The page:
The “Carpenter COLEctive” is greater than the sum of its parts (review)

By on May 11, 2015

Margi Cole and Peter Carpenter have been courting for awhile (artistically, that is). Cole has joined Carpenter as a dancer for the last few installments of his serial dance called Rituals of Abundance for Lean Times, a project that began in 2010 at New Trier High School as a response to the economic state of the field. I talked with Carpenter in 2013 about the series, when the tenth installment premiered at the Dance Center of Columbia College and featured one of Cole’s strongest performances – like – ever.  I talked with him again last winter as he was getting ready to show #12 in a triple bill hosted by The Seldoms, at which time he hinted that this most recent episode shown May 1 and 2 at the Storefront Theater in collaboration with Cole’s company The Dance COLEctive might be the last of its kind. Watching the pair operate as co-directors in a choreographic marriage seemed long overdue… kind of like this review.

Margi Cole and Peter Carpenter | photo by William Frederking
Margi Cole and Peter Carpenter | photo by William Frederking

Lead by a pre-assigned docent, audience members are ushered around the Storefront Theater like groups of tourists at the Louvre, with the first stop on the tour being the catwalks above stage. We, the audience, are now the viewed, and the performers the viewers as the co-directors of this whole affair (Carpenter and Cole) sit stoically in the audience staring at us. We feel what it’s like to be observed, and it’s uncomfortable. It’s not just uncomfortable because we’re being watched. We’re also carrying our bags and jackets and wearing heels; sometimes it’s hard to see. To continue the Louvre analogy, it’s not unlike trying to get a glimpse at the Mona Lisa and then quickly being ushered to the next stop on the tour.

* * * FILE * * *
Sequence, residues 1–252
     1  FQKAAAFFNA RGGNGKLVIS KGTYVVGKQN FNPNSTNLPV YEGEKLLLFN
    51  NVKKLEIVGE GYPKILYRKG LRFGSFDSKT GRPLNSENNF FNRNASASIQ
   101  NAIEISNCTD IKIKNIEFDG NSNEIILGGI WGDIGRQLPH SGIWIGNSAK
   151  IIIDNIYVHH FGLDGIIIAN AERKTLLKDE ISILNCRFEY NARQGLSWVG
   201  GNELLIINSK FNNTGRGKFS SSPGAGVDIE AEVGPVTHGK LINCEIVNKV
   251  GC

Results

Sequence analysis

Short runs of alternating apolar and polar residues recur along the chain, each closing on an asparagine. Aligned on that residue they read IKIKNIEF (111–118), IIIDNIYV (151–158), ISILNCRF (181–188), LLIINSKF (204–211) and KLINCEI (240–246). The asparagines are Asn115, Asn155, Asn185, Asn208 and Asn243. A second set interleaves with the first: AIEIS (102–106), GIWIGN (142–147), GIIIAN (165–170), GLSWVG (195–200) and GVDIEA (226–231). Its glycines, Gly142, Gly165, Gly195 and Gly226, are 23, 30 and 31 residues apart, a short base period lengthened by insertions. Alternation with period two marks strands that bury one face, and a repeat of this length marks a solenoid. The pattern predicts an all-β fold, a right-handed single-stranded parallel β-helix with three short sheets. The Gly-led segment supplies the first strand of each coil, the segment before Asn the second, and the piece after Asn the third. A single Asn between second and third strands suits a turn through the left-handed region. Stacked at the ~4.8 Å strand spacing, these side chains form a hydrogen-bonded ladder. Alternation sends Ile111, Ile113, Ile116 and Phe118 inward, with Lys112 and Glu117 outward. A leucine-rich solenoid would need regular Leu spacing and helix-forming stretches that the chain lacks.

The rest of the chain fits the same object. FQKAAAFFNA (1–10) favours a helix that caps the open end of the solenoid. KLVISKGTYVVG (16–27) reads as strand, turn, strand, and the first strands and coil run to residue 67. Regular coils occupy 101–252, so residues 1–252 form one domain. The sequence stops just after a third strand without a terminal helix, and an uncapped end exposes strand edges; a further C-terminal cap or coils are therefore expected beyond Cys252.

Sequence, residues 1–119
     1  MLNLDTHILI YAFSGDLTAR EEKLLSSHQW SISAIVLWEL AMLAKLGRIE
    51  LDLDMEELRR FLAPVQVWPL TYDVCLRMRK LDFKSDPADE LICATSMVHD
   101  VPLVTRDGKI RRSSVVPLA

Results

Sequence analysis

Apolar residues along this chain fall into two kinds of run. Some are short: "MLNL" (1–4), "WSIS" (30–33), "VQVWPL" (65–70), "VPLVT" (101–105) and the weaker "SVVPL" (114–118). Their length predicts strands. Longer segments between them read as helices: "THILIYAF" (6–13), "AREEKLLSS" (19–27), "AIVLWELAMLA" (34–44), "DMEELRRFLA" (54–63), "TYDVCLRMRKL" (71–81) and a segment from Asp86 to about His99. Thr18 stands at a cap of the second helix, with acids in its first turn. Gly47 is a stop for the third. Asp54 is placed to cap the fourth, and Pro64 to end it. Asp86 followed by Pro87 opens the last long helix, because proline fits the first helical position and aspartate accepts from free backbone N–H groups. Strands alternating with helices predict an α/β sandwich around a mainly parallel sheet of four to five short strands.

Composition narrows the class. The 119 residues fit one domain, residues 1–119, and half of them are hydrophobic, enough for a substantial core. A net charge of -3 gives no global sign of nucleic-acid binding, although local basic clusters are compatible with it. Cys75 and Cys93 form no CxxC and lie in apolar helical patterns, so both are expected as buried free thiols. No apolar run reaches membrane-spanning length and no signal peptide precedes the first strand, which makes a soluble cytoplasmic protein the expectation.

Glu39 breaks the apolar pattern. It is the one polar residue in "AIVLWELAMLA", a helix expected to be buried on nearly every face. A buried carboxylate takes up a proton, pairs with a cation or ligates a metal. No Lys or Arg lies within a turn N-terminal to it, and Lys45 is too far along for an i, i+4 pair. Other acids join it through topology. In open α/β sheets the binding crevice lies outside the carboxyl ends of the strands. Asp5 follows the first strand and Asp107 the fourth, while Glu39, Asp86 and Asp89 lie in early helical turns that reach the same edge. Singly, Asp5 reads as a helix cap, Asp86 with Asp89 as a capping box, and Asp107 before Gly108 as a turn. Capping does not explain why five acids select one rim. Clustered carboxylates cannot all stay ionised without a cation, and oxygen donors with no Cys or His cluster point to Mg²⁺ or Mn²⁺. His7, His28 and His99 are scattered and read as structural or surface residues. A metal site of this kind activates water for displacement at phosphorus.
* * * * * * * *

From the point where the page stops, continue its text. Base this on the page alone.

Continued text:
“This is where they started,” said Matthew McMunn, his body perched from a ladder leading up to the catwalk where we stood, hovering over the Dance COLEctive’s gym shod women noodling in pairings and trios of various combination as the leaders looked on. McMunn then entered a long monologue full of big words, the nugget of which was the chameleon. And so, we learned, this dance was to be about imitation.

In essence, RALT #14 is a “choose your own adventure” dance, except our choices are pre-determined. The experience of each audience member is not up to us, but rather, luck of the draw. Our docents led us from vignette to vignette happening in every corner of the building before finally guiding us to our seats for what turned out to be a very gratifying Greek chorus about boogers and Bruce Rauner, and a reprise of the dancing we’d previously seen from above at the top of the evening.

The thread that ties each Rituals of Abundance episode together is Carpenter’s commitment to transparency. In his explorations of power, economy, and agency, Carpenter unveils his choreographic process by making the process… the thing. Text and movement, in this iteration, were inspired by the aforementioned chameleon, by mimicry and imitation as both the highest form of flattery and the lowest form of degradation.

The Dance COLEctive has never looked better, and the addition of Matthew McMunn to Cole’s usual gaggle of women balanced and strengthened the cast. It’s kind of amazing to me that these “mid-career artists” still have the motivation, inspiration, and tenacity to continue to come up with new ideas and push the boundaries of the art form. While I might not entirely care for padding around a venue in heels and fighting for a sightline, it provided a previously unseen perspective of these artists that was totally appropriate to the concept of the work and almost worth the inconvenience. Given a coat check, smaller groups, and a pair of flats, this episode of Ritual of Abundance for Lean Times could have totally been the bees knees.

 



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